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 Table of Contents  
CASE REPORT
Year : 2021  |  Volume : 41  |  Issue : 4  |  Page : 186-187

The acute stage of pituitary apoplexy complicated with sinusitis


1 Department of Surgery, Division of Neurosurgery, Kaohsiung Armed Forces General Hospital, Kaohsiung; Department of Neurological Surgery, Tri-Service General Hospital, National Defense Medical Center, Taipei, Taiwan
2 Department of Surgery, Division of Urology, Kaohsiung Armed Forces General Hospital, Kaohsiung; Department of Surgery, Division of Urology, Tri-Service General Hospital, National Defense Medical Center, Taipei, Taiwan
3 Department of Neurological Surgery, Tri-Service General Hospital, National Defense Medical Center, Taipei, Taiwan

Date of Submission20-Jun-2020
Date of Decision11-Nov-2020
Date of Acceptance11-Jan-2021
Date of Web Publication05-Apr-2021

Correspondence Address:
Dr. Chi-Tun Tang
Department of Neurological Surgery, Tri-Service General Hospital, National Defense Medical Center, No. 325, Secection 2, Chenggong Road, Neihu District, Taipei City 114
Taiwan
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Source of Support: None, Conflict of Interest: None


DOI: 10.4103/jmedsci.jmedsci_147_20

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  Abstract 


The timely diagnosis and optimal therapy of the pituitary apoplexy is challenging. We report a case about our treatment experience for the acute stage of pituitary apoplexy complicated with sinusitis. It is the strong predictor for the acute stage of pituitary apoplexy when magnetic resonance imaging(MRI) presented the both signs simultaneously, the pituitary ring sign and the sphnoid sinus mucosal thickening. Once the diagnosis of pituitary apoplexy is established, hypocortisolism and hyponatremia should be considered intensely. Surgical decompression via transsphnoid approach has favorable prognosis for the visual involvement of the pituitary apoplexy. Effective antibiotic for sphenoid sinusitis before surgery may could minimize the postoperative risk of intracranial infection. Otherwise, the sign of the sphenoid sinus mucosal thickening is not a contraindication for the transnasal transsphnoidal surgery.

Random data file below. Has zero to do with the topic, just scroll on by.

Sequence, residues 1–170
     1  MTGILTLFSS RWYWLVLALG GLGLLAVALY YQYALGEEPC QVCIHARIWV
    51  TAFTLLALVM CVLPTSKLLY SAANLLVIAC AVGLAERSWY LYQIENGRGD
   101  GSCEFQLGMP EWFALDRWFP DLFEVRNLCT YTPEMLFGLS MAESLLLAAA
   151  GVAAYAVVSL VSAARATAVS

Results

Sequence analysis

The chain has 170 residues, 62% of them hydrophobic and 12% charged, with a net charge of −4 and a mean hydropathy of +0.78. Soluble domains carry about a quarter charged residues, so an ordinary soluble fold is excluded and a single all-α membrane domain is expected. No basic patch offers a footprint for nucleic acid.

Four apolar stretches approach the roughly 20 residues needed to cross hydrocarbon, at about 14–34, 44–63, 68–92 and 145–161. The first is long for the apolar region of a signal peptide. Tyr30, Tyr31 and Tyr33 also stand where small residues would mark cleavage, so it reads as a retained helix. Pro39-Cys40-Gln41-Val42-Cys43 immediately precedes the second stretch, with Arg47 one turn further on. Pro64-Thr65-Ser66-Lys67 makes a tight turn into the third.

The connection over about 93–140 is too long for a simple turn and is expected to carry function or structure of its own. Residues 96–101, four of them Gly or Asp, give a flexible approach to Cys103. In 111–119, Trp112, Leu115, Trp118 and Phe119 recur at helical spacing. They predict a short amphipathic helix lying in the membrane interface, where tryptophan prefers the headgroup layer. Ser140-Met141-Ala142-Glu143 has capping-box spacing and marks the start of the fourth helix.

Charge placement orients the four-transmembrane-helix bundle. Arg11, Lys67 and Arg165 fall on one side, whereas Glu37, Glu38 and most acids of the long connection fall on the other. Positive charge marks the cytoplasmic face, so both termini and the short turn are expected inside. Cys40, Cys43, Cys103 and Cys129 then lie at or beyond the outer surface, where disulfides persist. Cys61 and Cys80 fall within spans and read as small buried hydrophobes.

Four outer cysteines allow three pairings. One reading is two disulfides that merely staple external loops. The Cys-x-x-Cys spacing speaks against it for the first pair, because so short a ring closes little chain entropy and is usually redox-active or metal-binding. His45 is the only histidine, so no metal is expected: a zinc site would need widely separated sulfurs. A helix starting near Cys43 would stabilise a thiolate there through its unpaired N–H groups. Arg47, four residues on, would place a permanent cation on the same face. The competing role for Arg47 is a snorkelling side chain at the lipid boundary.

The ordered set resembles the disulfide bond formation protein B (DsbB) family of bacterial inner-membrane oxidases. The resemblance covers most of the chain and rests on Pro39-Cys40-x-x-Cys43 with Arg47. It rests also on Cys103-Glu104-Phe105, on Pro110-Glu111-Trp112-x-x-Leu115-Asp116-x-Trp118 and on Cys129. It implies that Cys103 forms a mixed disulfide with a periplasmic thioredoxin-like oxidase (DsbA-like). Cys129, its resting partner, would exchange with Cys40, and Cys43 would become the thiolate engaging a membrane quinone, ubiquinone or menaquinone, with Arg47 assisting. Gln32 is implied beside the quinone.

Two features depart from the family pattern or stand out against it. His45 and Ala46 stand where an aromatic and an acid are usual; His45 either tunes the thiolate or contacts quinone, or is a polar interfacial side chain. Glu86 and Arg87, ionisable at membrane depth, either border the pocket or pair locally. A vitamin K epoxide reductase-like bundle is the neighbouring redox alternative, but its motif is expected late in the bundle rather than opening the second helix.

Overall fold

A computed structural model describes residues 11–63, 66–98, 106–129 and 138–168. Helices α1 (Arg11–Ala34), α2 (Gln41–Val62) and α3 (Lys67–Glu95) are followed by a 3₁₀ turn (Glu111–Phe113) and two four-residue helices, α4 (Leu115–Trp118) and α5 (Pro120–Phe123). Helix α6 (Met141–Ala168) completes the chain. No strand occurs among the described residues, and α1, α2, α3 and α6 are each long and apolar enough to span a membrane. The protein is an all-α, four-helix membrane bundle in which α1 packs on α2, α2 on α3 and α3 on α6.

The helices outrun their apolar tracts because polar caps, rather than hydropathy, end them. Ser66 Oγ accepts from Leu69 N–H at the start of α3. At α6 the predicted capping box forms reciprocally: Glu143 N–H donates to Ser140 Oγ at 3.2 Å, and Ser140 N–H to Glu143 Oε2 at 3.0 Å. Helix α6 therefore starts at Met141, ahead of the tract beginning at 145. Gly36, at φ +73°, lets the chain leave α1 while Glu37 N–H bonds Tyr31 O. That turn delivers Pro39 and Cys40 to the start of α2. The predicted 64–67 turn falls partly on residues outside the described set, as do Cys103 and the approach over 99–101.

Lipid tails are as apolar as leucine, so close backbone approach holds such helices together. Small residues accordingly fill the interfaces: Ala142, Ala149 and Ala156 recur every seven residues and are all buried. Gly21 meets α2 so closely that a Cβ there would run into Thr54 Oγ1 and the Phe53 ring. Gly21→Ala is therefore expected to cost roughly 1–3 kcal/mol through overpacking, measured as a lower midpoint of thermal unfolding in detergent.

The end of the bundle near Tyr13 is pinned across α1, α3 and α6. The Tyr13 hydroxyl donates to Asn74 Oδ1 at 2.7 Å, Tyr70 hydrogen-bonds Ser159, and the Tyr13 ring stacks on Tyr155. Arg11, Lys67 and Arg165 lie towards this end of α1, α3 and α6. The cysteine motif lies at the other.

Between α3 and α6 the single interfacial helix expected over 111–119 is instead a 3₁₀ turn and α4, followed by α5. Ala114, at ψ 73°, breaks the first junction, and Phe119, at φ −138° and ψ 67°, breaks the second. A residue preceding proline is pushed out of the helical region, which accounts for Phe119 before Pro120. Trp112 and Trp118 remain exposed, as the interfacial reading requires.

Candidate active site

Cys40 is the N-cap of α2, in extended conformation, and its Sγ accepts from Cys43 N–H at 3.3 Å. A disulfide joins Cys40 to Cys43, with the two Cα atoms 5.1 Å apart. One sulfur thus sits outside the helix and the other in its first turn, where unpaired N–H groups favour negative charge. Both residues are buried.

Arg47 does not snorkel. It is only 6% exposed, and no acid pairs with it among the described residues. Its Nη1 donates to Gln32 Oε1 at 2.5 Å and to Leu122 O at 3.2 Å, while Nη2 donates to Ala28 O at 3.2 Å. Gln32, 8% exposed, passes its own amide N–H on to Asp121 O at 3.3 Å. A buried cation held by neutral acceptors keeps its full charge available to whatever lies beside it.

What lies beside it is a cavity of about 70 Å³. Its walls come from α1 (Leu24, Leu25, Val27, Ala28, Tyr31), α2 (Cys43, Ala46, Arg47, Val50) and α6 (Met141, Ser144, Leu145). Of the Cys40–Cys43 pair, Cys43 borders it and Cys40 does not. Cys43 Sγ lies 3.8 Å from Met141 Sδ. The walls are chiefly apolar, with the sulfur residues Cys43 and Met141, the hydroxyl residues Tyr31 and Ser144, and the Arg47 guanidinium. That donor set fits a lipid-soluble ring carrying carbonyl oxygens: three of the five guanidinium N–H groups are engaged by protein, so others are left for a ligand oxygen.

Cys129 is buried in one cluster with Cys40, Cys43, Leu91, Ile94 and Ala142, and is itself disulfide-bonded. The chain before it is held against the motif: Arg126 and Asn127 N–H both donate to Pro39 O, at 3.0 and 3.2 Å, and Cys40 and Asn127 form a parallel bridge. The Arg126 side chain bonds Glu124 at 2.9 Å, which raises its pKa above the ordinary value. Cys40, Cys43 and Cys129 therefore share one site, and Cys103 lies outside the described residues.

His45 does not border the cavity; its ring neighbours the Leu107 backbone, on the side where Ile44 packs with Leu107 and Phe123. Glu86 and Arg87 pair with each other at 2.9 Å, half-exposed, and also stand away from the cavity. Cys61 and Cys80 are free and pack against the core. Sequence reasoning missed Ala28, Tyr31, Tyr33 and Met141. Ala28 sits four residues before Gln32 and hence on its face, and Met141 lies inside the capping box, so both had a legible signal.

Keywords: Pituitary apoplexy, acute sinusitis, pituitary ring sign, sphenoid sinus mucosal thickening, transphenoidal surgery


How to cite this article:
Li CZ, Li CC, Tang CT. The acute stage of pituitary apoplexy complicated with sinusitis. J Med Sci 2021;41:186-7

How to cite this URL:
Li CZ, Li CC, Tang CT. The acute stage of pituitary apoplexy complicated with sinusitis. J Med Sci [serial online] 2021 [cited 2021 Oct 25];41:186-7. Available from: https://www.jmedscindmc.com/text.asp?2021/41/4/186/313092




  Introduction Top


Pituitary apoplexy (PA) is a potentially life-threatening disorder caused by acute hemorrhage or/and ischemic infarction of the pituitary gland. It could lead to endocrine dysfunction, electrolyte imbalance, and visual impairment, especially in the acute stage of the PA. The better prognosis of PA relies on the immediate diagnosis and optimal therapy. There are some imaging findings could help us to quick diagnosis the acute stage of PA, such as the pituitary ring sign and the sphenoid sinus mucosal thickening. Surgical decompression through the transphenoidal route is favorable for the patients of PA with visual involvement. Sometimes, the patients of PA may be complicated with sinusitis. Here, we present a case to demonstrate the optimal therapeutic strategy for the patients of the acute stage in PA complicated with sinusitis.